Volatility And Your Retirement Plan

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Includes: JNJ, MO, PG, VDC
by: Doug Carey
Summary

Recent volatility has many investors spooked. But dividend-growth stocks can help.

Over time, solid dividend-growth stocks are almost always less volatile than the overall market.

We show how less volatile stocks can increase your chances of retirement success.

Volatility has returned to the markets in a big way. We couldn’t avoid it forever, of course. But the way volatility came on so suddenly was surprising to many market observers. In the span of one week in late January through early February, the VIX, which measures the market's expectation of market volatility for the S&P 500, jumped from 11 to over 37, a 236% increase.

Source: Yahoo Finance

Nearly Everything Went Down

During the market downturn and increased volatility earlier this month, not much was spared. U.S stocks, bonds, international stocks, and commodities all fell. This was a serious problem for those who thought being diversified would help shield them from such downturns. The S&P 500 fell by 10.1% during the downturn. But what about stocks that should be less volatile? I often discuss how solid dividend growth stocks are generally less volatile than the overall market. One of my favorite ETFs that contains several of these types of stocks is the Vanguard Consumer Staples Fund (VDC). During the latest stock market downturn, this ETF fell by 8.6% compared to 10.1% for the S&P 500.

What About Individual Dividend Payers?

Three of my favorite dividend-growth stocks that I own in my retirement portfolio are Procter & Gamble (PG), Altria (MO), and Johnson & Johnson (JNJ). Here is how they performed vs. the S&P 500 during this time period:

Price Change 1/26 - 2/8

S&P 500

-10.1%

Procter & Gamble

-8.5%

Altria

-9.8%

Johnson & Johnson

-13.0%

Source: Yahoo Finance

Two of the three stocks I hold did better than the S&P 500, but Johnson & Johnson performed worse. Of course this is somewhat anecdotal evidence. A better sample size is what happened during the financial meltdown of 2008 and 2009.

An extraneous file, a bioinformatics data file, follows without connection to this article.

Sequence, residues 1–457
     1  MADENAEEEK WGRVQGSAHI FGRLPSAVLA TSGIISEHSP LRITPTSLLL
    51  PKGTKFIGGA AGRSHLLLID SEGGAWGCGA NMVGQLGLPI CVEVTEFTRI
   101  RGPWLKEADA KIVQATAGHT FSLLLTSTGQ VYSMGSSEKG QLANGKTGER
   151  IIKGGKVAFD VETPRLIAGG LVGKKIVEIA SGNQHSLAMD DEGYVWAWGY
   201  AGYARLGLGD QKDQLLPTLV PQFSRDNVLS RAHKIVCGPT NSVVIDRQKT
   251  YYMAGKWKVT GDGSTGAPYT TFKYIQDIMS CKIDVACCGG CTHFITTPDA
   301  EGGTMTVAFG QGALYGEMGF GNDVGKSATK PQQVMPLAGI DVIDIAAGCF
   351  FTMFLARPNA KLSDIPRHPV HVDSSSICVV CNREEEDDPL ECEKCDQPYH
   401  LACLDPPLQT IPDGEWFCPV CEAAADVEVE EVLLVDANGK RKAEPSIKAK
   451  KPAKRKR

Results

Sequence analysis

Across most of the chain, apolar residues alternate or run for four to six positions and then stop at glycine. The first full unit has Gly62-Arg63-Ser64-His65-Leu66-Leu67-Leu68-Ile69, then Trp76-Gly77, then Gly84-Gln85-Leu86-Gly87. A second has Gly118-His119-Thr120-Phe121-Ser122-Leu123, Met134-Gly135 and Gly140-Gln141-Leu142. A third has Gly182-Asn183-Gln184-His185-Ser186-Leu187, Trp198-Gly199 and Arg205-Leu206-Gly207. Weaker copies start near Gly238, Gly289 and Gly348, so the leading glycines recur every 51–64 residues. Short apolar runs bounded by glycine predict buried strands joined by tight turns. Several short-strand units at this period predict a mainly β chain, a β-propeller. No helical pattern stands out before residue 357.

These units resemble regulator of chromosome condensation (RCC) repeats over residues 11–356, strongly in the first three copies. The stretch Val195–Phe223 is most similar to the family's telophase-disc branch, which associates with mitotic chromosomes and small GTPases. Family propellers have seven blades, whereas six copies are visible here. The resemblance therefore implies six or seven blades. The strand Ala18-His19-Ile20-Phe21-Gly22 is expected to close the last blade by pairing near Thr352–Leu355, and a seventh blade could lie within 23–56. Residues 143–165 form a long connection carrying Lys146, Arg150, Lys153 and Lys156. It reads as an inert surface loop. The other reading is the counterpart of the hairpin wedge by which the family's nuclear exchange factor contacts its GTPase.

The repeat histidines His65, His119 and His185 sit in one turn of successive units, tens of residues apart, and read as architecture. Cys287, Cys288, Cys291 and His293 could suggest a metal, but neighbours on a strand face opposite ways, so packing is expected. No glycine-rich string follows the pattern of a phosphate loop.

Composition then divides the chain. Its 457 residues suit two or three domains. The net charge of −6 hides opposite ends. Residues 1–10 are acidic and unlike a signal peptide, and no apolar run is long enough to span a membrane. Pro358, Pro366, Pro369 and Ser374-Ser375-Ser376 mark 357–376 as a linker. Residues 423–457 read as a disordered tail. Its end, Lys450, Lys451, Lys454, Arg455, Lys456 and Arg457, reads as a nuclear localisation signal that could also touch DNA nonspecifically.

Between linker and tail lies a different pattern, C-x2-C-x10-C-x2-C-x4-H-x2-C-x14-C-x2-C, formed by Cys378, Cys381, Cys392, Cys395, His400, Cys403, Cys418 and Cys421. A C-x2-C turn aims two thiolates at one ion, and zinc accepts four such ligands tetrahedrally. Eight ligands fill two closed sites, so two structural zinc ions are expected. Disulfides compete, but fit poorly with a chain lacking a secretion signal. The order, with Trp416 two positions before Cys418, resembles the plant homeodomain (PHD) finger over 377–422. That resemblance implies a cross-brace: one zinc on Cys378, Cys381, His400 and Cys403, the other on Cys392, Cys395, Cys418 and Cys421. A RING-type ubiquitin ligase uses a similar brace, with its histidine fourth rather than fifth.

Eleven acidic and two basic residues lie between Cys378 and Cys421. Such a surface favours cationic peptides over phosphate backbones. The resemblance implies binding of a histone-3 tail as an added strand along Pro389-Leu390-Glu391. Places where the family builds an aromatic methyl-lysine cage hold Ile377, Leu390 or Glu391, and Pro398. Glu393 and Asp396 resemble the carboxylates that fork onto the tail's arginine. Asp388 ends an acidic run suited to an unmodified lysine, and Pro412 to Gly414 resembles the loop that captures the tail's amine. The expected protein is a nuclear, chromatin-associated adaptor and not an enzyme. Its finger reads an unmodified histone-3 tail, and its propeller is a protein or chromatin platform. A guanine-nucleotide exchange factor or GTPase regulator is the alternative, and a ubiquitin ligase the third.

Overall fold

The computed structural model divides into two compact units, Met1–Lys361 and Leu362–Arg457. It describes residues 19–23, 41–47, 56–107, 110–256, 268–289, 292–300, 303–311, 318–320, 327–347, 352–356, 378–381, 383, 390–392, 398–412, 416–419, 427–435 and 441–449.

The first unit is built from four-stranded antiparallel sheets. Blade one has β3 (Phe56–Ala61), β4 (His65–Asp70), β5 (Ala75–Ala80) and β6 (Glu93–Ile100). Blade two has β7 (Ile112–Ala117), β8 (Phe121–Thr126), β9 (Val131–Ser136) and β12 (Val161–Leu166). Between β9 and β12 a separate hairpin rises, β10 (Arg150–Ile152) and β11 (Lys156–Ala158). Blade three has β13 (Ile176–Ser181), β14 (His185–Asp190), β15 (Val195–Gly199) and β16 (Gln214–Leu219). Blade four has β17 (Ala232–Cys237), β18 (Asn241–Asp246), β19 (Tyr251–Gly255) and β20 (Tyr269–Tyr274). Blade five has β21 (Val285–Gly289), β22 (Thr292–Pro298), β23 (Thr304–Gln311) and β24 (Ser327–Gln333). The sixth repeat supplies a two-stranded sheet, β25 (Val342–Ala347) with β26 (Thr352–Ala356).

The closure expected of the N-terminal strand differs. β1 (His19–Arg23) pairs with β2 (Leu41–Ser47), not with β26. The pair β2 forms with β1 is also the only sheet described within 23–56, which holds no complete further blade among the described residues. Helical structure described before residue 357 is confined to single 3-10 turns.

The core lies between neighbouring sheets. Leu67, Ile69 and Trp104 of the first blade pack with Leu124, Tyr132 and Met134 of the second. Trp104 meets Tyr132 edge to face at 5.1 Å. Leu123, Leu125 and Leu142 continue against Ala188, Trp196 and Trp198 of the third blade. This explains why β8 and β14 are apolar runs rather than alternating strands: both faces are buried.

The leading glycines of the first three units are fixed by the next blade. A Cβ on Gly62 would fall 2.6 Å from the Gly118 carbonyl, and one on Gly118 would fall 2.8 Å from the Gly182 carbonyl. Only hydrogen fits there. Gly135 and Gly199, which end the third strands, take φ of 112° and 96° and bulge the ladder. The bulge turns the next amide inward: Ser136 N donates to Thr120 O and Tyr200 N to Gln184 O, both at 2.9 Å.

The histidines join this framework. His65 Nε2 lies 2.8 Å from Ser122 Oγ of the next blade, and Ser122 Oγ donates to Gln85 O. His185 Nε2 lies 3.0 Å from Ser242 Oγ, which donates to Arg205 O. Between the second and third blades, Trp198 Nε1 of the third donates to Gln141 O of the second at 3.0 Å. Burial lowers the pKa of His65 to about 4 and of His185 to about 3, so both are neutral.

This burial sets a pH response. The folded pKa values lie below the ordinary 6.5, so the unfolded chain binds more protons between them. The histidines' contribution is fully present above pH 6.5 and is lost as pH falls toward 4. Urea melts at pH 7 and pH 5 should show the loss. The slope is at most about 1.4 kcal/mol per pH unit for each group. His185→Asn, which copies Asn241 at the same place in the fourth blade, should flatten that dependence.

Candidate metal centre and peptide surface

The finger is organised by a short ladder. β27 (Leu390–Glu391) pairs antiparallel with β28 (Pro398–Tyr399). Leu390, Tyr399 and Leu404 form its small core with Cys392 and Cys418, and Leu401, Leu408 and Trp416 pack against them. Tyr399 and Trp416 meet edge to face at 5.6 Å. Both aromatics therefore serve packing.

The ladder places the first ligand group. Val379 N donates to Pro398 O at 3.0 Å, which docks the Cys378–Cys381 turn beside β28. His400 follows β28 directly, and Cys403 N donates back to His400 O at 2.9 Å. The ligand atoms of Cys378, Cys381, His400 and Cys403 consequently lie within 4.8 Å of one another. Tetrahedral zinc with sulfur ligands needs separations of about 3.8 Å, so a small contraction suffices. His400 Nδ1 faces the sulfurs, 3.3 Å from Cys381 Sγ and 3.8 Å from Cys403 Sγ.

Price Change Jan. 2008 - December 2008

S&P 500

-32.7%

Procter & Gamble

-13.5%

Altria

-2.8%

Johnson & Johnson

-2.5%

Source: Yahoo Finance

If a company pays out relatively stable and growing dividends over time, then mathematically its returns should be less volatile. This has actually been shown to be the case in this research piece.

Dividend Stocks And Your Retirement Portfolio

I now want to show how less volatile dividend payers can make your retirement portfolio more stable and give it higher odds for success.

I first ran a scenario where 80% of my retirement money is in stocks and 20% is in bonds. All of my stocks are invested in the S&P 500 index. The S&P 500 has seen volatility (its standard deviation) of about 16% over the past ten years. I ran this retirement plan for a 42 year old couple that has $350,000 in investment assets. I assumed retirement expenses of $52,000 a year. When I ran this through our Monte Carlo simulation I found that their odds of retirement success (never running out of money) was only 46%.

I then wanted to see what would happen if I swapped out my S&P fund for a portfolio of lower volatility dividend payers. To test this I lowered the volatility of my dividend payers by 30%, which matches the actual data from the past decade. Here is what I found:

This is over a 20 percentage point jump in our probability of plan success. Volatility plays a larger role in retirement success than most people think and this is a great example of it.

Monte Carlo analysis is a great way to tease out portfolio risk. It is also a good way to show how solid dividend payers can lower your overall risk and increase your chances of retirement success in the long run.

Disclosure: I am/we are long JNK, PG,MO. I wrote this article myself, and it expresses my own opinions. I am not receiving compensation for it (other than from Seeking Alpha). I have no business relationship with any company whose stock is mentioned in this article.